|President's letter: Reviving your favorite CS books|
|David A. Patterson|
Table of Contents
Last October we announced a program to put 20 out-of-print books into ACM's Digital Library and to make print copies of these books available at a low price via a print-on-demand service (CACM, Oct. 2005, 15–16). We were overwhelmed by the response to the call for nominations, so it took a bit longer than expected to determine the actual titles, to confirm they were out of print, and to create an interface to vote for 20 books from 402 choices. In fact, we've renamed the program to "ACM Members' Favorite Books" since it reflects the process we followed.
To help you make an informed decision, we tried a 10-day campaign period where people could comment on books via a wiki set up for each title (see pd.acm.org/classics). You will find many testimonials about how a book changed a person's life, or noting the timelessness of a book despite the year it was written. Members made wiki-based comments on about 80% of the books. The entries certainly affected my vote and have suggested books that I now want to read.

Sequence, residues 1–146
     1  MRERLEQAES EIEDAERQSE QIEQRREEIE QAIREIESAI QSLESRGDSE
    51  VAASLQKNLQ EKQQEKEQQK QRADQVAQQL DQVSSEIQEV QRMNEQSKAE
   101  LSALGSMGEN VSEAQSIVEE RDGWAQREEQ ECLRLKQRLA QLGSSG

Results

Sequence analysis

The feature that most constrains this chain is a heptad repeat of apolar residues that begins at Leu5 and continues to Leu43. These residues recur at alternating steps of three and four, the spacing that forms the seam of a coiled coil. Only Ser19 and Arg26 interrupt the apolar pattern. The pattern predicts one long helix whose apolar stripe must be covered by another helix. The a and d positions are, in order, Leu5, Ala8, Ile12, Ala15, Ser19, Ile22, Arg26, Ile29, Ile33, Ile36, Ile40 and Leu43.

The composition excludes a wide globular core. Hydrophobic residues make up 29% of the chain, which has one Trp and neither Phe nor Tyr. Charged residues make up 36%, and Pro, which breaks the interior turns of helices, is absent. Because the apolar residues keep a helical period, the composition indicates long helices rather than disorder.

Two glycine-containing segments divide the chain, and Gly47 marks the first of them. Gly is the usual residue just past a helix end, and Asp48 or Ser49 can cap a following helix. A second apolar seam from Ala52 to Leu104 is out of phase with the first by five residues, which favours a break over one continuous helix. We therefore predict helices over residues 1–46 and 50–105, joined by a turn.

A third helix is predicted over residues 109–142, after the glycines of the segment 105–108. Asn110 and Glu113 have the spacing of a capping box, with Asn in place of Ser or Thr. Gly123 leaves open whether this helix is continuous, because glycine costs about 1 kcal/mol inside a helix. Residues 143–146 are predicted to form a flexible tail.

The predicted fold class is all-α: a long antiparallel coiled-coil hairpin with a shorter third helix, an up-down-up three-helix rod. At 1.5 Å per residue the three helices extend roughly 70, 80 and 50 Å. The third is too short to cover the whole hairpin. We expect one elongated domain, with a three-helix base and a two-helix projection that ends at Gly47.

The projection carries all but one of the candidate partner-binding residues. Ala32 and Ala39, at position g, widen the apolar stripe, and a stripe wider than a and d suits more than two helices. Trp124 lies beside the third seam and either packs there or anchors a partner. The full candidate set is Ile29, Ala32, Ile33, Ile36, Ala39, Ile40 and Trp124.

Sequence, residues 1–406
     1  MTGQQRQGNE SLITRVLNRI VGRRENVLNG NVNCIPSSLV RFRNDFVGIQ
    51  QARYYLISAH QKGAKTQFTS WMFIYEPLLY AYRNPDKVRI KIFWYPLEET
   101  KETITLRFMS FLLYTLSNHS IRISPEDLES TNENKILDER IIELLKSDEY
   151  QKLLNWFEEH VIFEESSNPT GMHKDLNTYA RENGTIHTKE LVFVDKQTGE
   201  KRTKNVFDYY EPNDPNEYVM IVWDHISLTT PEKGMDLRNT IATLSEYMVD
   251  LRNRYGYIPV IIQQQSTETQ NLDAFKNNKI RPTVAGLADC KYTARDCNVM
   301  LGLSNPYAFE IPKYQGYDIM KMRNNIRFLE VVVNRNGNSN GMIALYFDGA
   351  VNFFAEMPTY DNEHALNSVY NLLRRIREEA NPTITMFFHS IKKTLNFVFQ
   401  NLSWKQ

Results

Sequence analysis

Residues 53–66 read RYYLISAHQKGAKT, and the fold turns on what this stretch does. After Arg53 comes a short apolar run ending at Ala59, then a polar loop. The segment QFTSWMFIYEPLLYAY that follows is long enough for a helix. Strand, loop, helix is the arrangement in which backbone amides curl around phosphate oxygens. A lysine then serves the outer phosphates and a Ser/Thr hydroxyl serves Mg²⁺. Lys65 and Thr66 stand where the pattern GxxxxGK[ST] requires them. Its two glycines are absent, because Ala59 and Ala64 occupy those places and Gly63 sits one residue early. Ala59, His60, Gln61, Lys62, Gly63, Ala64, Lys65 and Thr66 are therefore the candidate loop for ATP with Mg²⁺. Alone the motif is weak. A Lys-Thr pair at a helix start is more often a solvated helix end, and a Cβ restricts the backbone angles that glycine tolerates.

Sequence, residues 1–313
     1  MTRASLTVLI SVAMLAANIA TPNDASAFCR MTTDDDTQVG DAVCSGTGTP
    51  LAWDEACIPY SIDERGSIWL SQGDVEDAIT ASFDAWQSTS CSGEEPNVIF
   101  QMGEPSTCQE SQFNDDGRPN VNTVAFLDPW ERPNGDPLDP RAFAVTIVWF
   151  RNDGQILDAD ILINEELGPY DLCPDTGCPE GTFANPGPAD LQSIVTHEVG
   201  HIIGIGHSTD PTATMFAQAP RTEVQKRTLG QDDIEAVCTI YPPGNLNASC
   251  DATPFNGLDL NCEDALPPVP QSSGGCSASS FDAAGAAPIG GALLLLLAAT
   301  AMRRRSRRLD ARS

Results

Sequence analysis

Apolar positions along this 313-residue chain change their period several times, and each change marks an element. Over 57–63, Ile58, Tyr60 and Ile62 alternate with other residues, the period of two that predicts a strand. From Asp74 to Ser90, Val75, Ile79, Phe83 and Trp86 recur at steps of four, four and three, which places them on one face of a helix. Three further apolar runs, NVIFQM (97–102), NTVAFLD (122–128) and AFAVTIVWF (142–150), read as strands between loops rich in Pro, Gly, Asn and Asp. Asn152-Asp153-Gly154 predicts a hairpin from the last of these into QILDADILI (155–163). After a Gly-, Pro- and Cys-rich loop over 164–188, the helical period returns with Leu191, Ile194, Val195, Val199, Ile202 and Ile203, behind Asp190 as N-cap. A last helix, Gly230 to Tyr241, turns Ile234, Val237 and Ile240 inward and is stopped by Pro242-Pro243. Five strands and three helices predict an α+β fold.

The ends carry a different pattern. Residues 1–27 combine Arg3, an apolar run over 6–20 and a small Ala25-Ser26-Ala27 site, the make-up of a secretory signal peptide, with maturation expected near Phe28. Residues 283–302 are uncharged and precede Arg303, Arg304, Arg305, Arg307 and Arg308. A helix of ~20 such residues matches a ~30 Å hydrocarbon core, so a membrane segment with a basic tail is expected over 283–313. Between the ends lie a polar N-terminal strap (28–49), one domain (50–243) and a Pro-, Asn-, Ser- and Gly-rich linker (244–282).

The table here shows the top 25 books based on electronic ballots from thousands of members. More members voted electronically for favorite books than they did for candidates in the last ACM election! These finalists are certainly an impressive collection. ACM Fellows or ACM Turing Award laureates wrote the majority of the books; they cover many areas of computer science, and the publication dates range from 1958 to 1995. We are now in the process of contacting the holders of these copyrights. (If you know whom to contact, please send email to firstname.lastname@example.org.) Once we've placed the books in the DL and make arrangements with a books-on-demand publisher, we'll let you know the next step.
A few members have already written to say it's obvious that we need to expand the list. (I agree, since only half of the books I voted for made the cut!) Let's think of this round as a beta test. If the books prove to be popular, and members are happy with the process, I'm sure ACM will expand the offerings.
I'd like to thank everyone who participated in this inaugural project, especially ACM's Wayne Graves and Mark Mandelbaum, who were handed a much larger task than any of us anticipated. —David A. Patterson
Table. The top 25 (out of print) classic
CS books as voted by ACM members.
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